Friday, January 2, 2009

BPSDB - Therapy as an alchemical process

Here's some supremely nebulous tosh, among other things illustrating that peer-review on its own can easily be an empty charade. It's by no means clear what is being asserted here, and it's even less clear what reasons are being given. Here, to start with, is the abstract:
In psychology, we can look at human beings either in their thing-like aspects or in their person-like aspects. One of the best places in which human beings can be studied as persons is in the arena of psychotherapy. Unfortunately, the prevalence of schoolism has meant that the findings of different schools of psychotherapy have not been integrated or indeed brought together in any way. But if we can take a wider view, we can see that there is actually a common path which therapy takes, which is common to all the schools. This paper is an attempt to outline this path. In doing so, I have found the fullest statement of it to be found in alchemical writings, but I have also found that as far as it goes, objective empirical research finds the same set of phases, and this suggests that alchemy may also be right about what goes beyond the orthodox research. It is rare to find something which unites the interests of the researcher and the practitioner, but here we have something which promises to do just that.
Ah, right. A generous reader might suppose that some serious metholological or maybe even metaphysical point is being made with the thing-person distinction. Nope. I looked in vain in the paper for any significant content being given to the putative distinction. The same point goes for other pseudo-distinctions drawn along the way, such as between understanding and explanation. Sigh.

The main positive claim seems to be that if you take a nebulous and vague enough conception of the therapeutic process you find it analogous to a nebulous and vague conception of medieval alchemy.

So, for example, therapy begins with the "Materia Prima" which is "what needs to be worked on, and is the most important and mysterious substance of all" (Oi! You at the back! Stop sniggering!). Presumably 'substances' are more like persons than things. Or not. Maybe things are like cheese, and persons are like dragons. Or something. Buggered if I can tell, and I've read this, and a pile of psychotherapy literature, and more renaissance neo-Platonist bullshit from primary texts than most.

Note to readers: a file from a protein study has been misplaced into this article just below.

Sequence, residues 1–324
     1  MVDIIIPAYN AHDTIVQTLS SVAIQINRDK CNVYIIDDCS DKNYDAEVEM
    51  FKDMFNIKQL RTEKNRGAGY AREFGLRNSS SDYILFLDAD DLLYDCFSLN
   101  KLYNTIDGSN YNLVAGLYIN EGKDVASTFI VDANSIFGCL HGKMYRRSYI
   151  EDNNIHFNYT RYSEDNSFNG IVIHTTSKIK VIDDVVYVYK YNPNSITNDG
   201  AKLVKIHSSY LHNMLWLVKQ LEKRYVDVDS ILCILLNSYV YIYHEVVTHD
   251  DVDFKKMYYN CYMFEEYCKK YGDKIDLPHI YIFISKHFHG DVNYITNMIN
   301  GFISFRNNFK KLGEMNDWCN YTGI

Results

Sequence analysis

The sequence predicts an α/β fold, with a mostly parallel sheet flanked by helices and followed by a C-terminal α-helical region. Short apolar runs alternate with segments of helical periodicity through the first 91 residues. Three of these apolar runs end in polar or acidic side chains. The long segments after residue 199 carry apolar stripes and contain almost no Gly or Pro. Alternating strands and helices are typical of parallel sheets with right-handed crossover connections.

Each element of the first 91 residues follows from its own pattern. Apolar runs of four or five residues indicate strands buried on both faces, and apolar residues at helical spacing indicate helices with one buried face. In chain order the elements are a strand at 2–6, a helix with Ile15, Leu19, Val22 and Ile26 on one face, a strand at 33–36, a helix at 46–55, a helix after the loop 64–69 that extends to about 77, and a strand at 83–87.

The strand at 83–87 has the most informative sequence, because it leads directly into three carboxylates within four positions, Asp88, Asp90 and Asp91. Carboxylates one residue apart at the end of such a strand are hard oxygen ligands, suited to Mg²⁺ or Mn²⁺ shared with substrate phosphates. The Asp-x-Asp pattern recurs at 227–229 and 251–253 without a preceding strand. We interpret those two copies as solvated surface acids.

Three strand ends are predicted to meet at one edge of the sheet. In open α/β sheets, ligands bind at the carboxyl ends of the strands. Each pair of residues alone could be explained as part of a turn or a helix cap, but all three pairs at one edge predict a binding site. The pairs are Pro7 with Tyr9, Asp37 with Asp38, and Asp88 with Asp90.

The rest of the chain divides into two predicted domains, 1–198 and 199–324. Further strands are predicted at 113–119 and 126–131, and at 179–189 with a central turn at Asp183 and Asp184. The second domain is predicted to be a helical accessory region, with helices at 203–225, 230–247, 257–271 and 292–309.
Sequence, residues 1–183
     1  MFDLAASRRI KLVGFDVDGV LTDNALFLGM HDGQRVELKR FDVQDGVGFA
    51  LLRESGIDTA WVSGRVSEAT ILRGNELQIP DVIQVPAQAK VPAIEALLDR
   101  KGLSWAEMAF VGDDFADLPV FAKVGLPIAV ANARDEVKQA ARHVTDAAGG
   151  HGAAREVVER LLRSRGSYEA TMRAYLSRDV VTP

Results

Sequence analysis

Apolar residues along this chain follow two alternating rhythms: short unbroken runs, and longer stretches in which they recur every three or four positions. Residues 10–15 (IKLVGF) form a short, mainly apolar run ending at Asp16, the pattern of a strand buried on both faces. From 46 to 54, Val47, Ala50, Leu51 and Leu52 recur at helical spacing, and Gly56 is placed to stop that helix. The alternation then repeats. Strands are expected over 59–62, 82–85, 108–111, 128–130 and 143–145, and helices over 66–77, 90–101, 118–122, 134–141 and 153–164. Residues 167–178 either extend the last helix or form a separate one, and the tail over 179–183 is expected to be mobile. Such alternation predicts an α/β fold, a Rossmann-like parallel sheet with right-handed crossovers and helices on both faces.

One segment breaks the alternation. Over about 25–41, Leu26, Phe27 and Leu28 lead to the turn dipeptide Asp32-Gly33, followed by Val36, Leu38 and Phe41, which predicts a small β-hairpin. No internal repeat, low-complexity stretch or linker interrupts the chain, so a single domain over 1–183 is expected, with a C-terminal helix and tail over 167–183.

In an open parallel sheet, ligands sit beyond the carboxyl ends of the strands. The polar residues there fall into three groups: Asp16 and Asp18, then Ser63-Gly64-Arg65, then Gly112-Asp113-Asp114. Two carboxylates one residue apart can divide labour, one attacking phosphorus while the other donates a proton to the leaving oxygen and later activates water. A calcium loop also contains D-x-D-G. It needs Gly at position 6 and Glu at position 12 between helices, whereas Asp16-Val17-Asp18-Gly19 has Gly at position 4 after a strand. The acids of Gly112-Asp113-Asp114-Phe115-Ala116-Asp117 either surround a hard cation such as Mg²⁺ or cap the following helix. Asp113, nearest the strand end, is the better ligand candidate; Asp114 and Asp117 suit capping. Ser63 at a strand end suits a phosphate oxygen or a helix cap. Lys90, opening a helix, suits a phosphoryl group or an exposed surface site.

And so it continues, for a series of stages.

Suppose that it really was the case that suitably vague conceptions of the therapeutic process and alchemy were in some sense analogous? So the f**k what?

The paper doesn't say. One tempting response is given by Wodehouse:
"Very good," I said coldly. "In that case, tinkerty-tonk." And I meant it to sting. (Right Ho, Jeeves - 1934).
It's also worth pointing that that other things being equal being found to stand in some relation of analogy with a false, superseded, bollocks theory (to the extent that Alchemy was a 'theory' at all) is hardly good news. At least not to anyone who cares about whether her beliefs are true.

Maybe the real analogy is that peddlers of bollocks to the gullible can still turn patients into gold, even if hardly anyone (and nobody with a clue) takes substance alchemy seriously.

John Rowan (2001). Therapy as an alchemical process International Journal of Psychotherapy, 6 (3), 273-288 DOI: 10.1080/14698490120112129


Neuroskeptic said...

I like how he starts out by denouncing "schoolism" (he's too cool for it, clearly) but then he ends up sounding an awful lot like Jung.

Then again a lot of bad psychology sounds like Jung.

Doctor Spurt said...

Indeed. Among other things Freud got right, was a robust secularism, and utilitarianism. As a behaviourist myself, I can often find ideas of use that (I'm told) are in Freud. In Jung and followers of Jung, on the other hand, I find mostly temptations to physical violence...

k4t434sis said...

I do believe that anything such as alchemy and metaphysics don't have any effect except on account of the practitioner to "believe" in the processes involved. The technique doesn't have to work in reality in any quantitative way; it just has to have an impact on changing the mindset because of the ritual.
By the way Freud treated like 3 patients his whole career and unsucessfully at that, so I wouldn't take him too seriously.

Doctor Spurt said...

That's not really fair on Freud, who reported on a large number of cases, often in considerable detail. I'm no 'Freudian', but he's at the very least interesting enough to be worth attention.

k4t434sis said...

This is true. I guess I just see him as more of a voyeur than working therapist.